Petitioner asserts that that judgment form is not Datt compliant. In Datt, the Supreme Court concluded that ORS 138.640(1) requires a post-conviction judgment that denies relief to do three things:

“(1) identify the claims for relief that the court considered and make separate rulings on each claim; (2) declare, with regard to each claim, whether the denial is based on petitioner's failure to utilize or follow available state procedures or a failure to establish the merits of the claim; and (3) make the legal bases for denial of relief apparent.”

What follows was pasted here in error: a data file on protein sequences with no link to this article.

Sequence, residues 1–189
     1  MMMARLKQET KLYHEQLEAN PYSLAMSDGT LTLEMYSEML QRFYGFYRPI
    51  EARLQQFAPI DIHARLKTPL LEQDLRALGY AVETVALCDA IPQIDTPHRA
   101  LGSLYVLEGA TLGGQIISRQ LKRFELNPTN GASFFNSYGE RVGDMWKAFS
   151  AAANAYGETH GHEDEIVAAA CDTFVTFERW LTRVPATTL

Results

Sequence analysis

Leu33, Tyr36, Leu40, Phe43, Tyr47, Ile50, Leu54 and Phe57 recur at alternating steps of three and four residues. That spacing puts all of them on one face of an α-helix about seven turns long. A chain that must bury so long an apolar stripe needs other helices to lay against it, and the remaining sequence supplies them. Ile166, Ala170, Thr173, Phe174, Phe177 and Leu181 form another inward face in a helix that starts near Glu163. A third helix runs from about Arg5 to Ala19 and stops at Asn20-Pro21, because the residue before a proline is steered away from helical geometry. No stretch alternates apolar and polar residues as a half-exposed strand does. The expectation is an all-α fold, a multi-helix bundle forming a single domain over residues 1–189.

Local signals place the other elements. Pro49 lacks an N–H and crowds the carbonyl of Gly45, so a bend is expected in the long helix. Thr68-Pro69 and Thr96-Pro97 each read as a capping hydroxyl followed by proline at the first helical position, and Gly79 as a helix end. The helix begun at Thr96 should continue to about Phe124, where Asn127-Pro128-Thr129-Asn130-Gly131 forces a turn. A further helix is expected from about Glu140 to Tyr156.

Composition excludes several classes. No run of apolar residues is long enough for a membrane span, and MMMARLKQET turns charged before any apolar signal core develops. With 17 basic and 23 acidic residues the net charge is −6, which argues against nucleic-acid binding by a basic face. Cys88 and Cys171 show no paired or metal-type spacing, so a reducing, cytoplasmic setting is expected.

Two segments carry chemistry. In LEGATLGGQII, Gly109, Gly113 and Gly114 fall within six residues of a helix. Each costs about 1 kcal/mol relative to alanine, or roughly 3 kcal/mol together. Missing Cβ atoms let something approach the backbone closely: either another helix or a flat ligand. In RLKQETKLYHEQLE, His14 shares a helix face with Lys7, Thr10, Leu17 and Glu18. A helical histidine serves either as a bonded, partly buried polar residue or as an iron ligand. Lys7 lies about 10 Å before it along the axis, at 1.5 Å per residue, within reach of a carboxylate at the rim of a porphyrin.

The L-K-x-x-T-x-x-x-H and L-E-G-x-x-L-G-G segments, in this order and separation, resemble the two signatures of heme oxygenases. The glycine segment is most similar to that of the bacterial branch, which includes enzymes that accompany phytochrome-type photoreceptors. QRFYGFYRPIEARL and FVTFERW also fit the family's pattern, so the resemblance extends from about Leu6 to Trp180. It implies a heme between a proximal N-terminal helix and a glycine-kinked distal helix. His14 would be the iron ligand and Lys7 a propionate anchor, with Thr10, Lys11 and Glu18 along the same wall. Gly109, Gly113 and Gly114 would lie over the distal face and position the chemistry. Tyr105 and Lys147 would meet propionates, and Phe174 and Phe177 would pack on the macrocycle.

347 Or at 685; see Soderstrom v. Premo, 274 Or.App. 624, 626, 360 P3d 1272 (2015) (“By its terms and as construed in Datt, ORS 138.640(1) imposes a clear-statement rule on judgments in post-conviction proceedings [.]”). In petitioner's view, the form of judgment entered in this case is not Datt compliant because it fails to meet all three Datt requirements. Petitioner acknowledges that he did not object to the entry of judgment but cites and quotes our decision in Walker v. State, 256 Or.App. 697, 698–99, 302 P3d 469 (2013), to contend that the “dictates of preservation do not apply” to his assertion of post-conviction court error because he had no “practical ability to object to the purported error before entry of judgment.” Defendant disagrees. That is, according to defendant, petitioner had a practical opportunity to object to the judgment form because, after the court made its oral findings, it stated that it would sign the judgment, which is dated that same day. Thus, defendant posits that “it can be reasonably inferred that the post-conviction court signed the judgment at the close of the hearing in the presence of petitioner, giving him a practical opportunity to object to its form.”